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ARS Home » Northeast Area » Washington, D.C. » National Arboretum » Floral and Nursery Plants Research » Research » Research Project #427800

Research Project: Combatting Rose Rosette Disease: Short-term and Long-term Approaches

Location: Floral and Nursery Plants Research

Project Number: 8020-22000-042-04-R
Project Type: Reimbursable Cooperative Agreement

Start Date: Oct 1, 2014
End Date: Aug 31, 2019

This project will determine best management practices (BMPs) to control rose rosette disease (RRD) caused by rose rosette virus (RRV), including development of detection methods with improved sensitivity and reliability; monoclonal antibodies specific for RRV will also be developed. Study of the biology of the eriophyid mite vector of RRV will include examination of environmental effects on the mite; comparison of interactions of the mite with resistant and susceptible rose genotypes, and leaf morphology of resistant and susceptible rose genotypes. BMPs will be combined with plant breeding and genetics to identify genes for resistance to either RRV or to the eriophyid mite vector. Identified genes and associated molecular markers will be utilized to transfer resistance into breeding lines and introgression of resistance into newly created cultivars to benefit the rose industry followed. An extension component will ensure transfer of knowledge generated from the project to rose breeders, producers, and consumers, and will aid implementation of BMPs to minimize future impacts of RRV on rose production and longevity in the landscape. A marketing and economics component will evaluate consumer preferences and the acceptability of novel cultivars, as well as any associated increased cost and new production methods required for implementation of BMPs.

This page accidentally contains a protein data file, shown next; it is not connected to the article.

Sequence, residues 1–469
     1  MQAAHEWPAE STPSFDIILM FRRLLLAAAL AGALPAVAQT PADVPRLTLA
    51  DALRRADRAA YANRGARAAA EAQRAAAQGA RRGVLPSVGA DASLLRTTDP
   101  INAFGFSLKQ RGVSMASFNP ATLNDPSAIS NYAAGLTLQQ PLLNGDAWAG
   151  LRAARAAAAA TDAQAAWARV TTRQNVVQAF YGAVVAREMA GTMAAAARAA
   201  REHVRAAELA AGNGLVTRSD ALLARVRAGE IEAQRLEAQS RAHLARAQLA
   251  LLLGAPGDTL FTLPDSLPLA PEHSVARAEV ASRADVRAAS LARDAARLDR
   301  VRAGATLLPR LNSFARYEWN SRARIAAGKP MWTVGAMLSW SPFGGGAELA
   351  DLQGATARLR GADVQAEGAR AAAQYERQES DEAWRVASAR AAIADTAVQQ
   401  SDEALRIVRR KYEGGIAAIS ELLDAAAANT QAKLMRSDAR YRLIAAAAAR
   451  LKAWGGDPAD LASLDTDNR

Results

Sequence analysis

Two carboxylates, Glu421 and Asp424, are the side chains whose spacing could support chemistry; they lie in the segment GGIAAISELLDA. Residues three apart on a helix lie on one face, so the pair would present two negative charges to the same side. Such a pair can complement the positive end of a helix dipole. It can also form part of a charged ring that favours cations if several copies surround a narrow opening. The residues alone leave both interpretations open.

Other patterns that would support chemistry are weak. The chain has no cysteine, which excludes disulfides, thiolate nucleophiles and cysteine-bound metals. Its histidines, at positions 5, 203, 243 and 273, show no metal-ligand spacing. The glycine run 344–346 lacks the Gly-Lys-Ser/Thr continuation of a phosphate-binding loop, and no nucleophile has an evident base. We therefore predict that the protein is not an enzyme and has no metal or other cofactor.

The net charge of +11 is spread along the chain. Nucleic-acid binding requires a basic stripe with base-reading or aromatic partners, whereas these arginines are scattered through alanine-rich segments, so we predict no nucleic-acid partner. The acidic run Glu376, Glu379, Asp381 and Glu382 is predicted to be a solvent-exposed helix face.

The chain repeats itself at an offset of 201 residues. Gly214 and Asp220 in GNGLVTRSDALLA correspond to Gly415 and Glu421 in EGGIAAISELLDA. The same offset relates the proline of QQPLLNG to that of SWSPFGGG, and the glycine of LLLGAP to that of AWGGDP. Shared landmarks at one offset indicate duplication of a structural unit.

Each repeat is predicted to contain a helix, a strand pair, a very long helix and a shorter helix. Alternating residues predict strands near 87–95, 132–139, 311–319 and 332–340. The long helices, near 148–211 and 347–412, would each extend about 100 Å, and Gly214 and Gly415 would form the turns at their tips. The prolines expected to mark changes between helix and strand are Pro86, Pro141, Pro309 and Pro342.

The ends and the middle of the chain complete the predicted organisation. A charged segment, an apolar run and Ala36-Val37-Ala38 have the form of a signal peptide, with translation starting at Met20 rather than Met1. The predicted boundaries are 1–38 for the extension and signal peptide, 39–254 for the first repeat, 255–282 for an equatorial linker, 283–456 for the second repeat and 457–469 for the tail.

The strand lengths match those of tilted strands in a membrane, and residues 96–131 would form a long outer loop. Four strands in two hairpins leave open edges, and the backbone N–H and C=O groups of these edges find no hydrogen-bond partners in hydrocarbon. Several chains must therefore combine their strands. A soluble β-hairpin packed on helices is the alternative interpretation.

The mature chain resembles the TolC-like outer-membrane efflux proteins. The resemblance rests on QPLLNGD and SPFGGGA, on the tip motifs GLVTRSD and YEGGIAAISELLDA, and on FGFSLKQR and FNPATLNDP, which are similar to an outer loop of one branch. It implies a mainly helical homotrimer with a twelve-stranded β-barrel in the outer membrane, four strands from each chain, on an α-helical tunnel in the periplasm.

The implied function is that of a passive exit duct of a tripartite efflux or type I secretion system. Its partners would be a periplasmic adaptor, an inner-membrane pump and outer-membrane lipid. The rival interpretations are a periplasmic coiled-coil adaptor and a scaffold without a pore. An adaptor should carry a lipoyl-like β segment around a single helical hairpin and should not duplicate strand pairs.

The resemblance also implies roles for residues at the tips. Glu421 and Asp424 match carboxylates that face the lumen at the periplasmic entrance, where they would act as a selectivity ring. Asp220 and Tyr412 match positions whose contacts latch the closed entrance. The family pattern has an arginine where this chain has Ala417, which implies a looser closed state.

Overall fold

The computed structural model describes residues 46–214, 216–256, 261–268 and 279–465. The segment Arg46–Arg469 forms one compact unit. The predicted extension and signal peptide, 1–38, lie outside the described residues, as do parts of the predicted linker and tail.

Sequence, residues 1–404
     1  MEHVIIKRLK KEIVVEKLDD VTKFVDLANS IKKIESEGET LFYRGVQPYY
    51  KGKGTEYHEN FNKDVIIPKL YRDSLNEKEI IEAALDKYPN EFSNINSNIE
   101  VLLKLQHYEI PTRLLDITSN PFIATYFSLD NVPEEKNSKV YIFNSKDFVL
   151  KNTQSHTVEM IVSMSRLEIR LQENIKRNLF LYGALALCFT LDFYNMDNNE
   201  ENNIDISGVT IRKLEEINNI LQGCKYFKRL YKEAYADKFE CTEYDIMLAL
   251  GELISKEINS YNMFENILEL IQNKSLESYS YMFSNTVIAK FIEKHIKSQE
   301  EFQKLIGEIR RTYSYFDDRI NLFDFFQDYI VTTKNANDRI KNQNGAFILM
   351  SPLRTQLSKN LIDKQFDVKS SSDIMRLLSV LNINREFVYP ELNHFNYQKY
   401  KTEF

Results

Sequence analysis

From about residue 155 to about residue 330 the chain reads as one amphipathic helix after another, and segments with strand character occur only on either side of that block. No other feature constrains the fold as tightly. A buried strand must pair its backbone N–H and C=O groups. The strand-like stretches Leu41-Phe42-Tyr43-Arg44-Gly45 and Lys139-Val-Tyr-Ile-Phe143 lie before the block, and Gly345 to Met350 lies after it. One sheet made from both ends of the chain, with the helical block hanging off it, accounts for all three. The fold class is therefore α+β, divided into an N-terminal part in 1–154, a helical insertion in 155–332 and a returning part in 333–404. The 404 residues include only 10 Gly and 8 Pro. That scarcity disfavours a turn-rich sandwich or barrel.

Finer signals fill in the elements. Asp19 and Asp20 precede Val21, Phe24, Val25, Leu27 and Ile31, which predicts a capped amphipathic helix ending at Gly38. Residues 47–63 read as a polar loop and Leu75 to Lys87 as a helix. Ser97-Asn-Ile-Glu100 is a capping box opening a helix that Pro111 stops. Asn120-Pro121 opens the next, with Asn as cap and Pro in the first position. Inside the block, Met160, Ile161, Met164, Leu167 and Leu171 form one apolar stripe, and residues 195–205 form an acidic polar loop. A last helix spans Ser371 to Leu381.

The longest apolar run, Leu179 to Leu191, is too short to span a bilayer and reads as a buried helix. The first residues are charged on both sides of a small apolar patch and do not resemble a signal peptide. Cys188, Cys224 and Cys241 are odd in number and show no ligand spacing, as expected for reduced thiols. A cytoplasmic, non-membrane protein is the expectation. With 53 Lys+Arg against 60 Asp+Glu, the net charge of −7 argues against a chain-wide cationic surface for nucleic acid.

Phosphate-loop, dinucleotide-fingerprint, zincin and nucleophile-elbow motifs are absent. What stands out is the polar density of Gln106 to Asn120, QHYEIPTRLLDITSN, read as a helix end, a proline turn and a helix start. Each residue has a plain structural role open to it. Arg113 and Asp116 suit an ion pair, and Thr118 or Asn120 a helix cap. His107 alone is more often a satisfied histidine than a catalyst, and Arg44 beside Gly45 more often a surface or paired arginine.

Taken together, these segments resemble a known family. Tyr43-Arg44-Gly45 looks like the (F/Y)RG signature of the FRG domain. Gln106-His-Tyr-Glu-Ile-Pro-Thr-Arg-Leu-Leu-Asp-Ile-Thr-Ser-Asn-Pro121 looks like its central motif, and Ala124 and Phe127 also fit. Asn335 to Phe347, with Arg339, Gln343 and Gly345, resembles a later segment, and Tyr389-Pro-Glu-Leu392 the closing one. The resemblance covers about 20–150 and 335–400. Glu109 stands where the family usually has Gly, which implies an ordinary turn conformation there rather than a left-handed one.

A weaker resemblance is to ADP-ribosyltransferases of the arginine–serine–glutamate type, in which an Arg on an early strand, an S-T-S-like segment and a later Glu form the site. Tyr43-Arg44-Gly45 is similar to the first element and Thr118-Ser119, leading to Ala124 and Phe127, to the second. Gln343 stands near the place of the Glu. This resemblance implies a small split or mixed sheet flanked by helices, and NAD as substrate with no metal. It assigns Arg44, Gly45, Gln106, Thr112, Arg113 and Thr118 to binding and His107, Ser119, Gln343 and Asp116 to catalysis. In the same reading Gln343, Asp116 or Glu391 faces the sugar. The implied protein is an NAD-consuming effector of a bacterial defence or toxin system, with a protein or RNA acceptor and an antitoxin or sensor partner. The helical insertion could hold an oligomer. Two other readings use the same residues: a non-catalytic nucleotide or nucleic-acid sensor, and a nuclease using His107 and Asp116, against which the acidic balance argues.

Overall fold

Improved diagnostics methods include examining differences between varieties of sensitivity and reliability of RT-PCR and qRT-PCR, LAMP assay, lateral flow assay, and monoclonal and single-chain antibodies. Virus movement within plants after infection and over the course of the growing season will be examined together with environmental effects on both the virus and the mite vector. Mite acquisition of the virus will be examined. Control of mites will be examined via chemical methods, and by cultural controls, including selective pruning, rouging of infected plants, and use of windbreaks. Field trials for mite and virus resistance will be carried out in Tennessee, Oklahoma, and Delaware, while greenhouse and screenhouse tests will occur in Oklahoma. Genotyping by sequencing and SNP maps will be developed, progeny of resistant x susceptible evaluated, both QTLs and molecular markers analyzed, and plants phenotyped for RRD resistance. Training will be provided to plant disease diagnosticians, gardeners, landscapers, and both production and retail nurseries. Surveys for rose trait values, market barriers, and consumer acceptability will be performed.